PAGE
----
On the same basis, I rated agreement with the proposition that government authorities respect and protect the rights of minorities. All the groups agreed strongly with that idea: 70%, 75%, and 70%. However, all the groups also agreed (in the 2003 AuSSA) that ethnic groups should ‘adapt and blend’ rather maintain ‘distinct customs’: 83%, 80% and 72%. Opinions were very similar on the issue of gay civil unions (back to the 2005 survey): 49%, 52%, and 50%.

Contrary to Deveny’s conjecture, on none of the questions relating to community or tolerance did people who went to government schools appear distinctly better than people who went to private schools; they were either very similar or somewhat worse. But even where government schools were worse, they weren’t much worse – 11 percentage points was the largest margin. On these issues, schooling doesn’t appear to make much of a difference. I suspect that if statistical controls for other socio-economic characteristics of the poll respondents were introduced, the school effect appearing in these results would vanish.

The claim by the public school lobby that government schools promote tolerance is one that always makes me laugh. It’s not that I believe most government schools don’t try to encourage tolerance; it’s just that it is such a rare quality in the public school lobby itself. They started out, in part, as an attempt to get at the Catholic Church, and they are still trying nearly 150 years later. Real tolerance means letting minority groups raise their children as they see fit, and not trying to force them into a uniform state system.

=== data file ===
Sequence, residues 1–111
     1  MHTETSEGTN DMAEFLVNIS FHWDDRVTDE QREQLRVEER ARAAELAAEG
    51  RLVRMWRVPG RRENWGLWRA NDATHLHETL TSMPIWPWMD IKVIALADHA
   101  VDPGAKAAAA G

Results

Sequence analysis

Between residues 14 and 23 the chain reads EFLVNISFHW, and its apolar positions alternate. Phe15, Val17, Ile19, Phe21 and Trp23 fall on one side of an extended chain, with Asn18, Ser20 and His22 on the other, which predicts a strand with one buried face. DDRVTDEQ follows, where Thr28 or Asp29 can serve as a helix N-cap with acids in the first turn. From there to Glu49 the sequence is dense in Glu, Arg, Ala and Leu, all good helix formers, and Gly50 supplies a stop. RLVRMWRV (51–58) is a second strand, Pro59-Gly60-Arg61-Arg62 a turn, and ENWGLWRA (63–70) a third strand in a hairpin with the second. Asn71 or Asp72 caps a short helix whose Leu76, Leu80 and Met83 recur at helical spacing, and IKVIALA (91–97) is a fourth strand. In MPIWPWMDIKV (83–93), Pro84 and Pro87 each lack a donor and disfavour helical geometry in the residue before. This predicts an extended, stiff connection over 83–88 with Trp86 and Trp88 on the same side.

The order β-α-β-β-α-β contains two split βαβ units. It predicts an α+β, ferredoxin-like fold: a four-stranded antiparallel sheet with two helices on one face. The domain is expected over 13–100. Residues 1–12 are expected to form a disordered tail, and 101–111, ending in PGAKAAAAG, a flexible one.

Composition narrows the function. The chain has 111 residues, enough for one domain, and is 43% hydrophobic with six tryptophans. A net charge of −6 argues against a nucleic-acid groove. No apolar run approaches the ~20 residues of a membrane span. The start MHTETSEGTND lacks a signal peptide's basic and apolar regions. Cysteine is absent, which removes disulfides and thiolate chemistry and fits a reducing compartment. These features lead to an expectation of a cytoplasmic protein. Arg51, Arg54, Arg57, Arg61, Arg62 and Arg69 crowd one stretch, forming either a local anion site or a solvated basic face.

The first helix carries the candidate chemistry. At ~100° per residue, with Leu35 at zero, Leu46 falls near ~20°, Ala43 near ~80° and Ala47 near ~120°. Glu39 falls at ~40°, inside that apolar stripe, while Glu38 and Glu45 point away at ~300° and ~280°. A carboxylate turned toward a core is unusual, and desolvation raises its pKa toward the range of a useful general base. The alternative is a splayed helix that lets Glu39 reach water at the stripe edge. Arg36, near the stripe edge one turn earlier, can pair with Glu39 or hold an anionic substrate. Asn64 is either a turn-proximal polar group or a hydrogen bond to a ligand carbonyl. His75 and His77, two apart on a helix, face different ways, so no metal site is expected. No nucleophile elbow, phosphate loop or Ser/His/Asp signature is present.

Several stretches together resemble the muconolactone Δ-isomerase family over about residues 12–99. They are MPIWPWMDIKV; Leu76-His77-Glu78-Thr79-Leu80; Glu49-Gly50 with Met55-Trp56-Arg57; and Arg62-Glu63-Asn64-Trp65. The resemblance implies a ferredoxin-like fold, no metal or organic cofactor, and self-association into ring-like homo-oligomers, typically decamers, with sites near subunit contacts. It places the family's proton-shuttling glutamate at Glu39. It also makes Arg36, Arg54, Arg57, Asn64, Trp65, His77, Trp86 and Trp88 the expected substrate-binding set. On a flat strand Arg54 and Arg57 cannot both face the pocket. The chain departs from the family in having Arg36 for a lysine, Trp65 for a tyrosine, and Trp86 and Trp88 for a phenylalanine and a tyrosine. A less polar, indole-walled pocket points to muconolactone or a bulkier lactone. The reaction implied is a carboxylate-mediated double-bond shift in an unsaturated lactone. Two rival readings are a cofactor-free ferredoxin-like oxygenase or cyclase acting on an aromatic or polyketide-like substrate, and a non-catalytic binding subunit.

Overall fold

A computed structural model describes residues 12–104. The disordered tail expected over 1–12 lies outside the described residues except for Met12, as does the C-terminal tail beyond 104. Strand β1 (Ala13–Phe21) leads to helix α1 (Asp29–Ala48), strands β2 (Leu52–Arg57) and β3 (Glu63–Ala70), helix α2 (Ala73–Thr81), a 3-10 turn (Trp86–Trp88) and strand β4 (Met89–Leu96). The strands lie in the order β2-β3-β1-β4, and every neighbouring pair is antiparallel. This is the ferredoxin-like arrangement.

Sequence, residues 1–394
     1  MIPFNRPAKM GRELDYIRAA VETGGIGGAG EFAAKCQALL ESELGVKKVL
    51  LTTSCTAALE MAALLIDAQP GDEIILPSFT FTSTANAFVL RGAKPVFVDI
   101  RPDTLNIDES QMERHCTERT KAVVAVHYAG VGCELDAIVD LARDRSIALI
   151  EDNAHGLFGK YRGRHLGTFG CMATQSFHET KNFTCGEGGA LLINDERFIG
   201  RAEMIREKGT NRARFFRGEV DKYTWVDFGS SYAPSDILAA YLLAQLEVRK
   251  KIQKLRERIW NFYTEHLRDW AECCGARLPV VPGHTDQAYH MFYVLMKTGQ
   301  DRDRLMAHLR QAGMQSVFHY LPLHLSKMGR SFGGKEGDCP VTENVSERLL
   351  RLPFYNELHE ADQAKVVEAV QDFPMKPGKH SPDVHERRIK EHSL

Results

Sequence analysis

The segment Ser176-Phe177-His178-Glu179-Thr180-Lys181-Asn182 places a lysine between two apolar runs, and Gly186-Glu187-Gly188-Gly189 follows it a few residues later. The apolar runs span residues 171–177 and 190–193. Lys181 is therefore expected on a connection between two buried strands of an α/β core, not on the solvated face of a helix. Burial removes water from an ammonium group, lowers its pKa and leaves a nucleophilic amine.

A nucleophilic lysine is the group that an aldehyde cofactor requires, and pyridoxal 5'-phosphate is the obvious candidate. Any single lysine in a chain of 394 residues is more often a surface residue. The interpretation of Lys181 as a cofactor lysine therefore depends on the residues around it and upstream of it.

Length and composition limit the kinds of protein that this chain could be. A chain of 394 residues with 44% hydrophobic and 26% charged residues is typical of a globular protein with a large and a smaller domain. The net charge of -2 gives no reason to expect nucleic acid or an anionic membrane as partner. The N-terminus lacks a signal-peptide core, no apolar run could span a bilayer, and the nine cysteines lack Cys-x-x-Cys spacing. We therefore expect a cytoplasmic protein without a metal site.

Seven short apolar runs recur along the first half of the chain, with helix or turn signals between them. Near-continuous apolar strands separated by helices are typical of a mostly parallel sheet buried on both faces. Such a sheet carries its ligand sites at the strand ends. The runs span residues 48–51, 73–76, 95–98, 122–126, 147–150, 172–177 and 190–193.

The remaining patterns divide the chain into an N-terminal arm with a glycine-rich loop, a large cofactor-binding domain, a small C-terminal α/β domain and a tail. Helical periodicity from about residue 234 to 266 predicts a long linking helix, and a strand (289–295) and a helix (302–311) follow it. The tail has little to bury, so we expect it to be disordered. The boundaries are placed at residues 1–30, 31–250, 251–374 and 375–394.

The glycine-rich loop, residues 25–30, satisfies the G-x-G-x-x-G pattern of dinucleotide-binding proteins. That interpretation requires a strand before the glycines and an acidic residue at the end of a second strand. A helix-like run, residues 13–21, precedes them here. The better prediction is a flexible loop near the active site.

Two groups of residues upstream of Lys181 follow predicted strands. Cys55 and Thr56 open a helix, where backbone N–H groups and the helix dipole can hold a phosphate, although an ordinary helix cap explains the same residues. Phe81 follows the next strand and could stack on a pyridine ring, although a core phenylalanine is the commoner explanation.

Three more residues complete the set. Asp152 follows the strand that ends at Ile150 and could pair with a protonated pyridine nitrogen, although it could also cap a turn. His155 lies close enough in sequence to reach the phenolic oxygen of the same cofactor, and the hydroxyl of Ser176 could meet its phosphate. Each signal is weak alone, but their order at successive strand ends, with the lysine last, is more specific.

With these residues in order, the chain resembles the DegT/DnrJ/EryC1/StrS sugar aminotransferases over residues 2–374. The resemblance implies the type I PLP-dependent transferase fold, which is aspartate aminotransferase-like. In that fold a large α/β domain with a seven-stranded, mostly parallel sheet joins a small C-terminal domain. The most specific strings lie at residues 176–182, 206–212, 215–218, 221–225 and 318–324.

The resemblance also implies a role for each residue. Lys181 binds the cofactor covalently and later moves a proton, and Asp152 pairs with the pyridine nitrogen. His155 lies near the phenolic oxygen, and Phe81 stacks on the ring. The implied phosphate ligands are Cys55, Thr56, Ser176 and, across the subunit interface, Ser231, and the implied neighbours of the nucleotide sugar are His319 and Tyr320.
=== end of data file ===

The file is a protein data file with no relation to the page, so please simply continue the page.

18 thoughts on “Do government school kids learn tolerance and community?

  1. Nice post. This line

    It’s not that I believe most government schools don’t try to encourage tolerance; it’s just that it is such a rare quality in the public school lobby itself.

    needs to be shouted from the rooftops.

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  2. It’s rude to shout Sinclair, the Christian Brothers should have taught you that.

    Maybe they’re ‘tolerant’ in the private schools, but don’t they encourage a sort of snobbish tribalism? Is that desirable?

    Andrew, (no doubt you know this) do Catholics vote differently from the rest?

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  3. It is never rude to loudly proclaim the truth, nor to support one’s team, or at any of the Brothers who were elderly and deaf.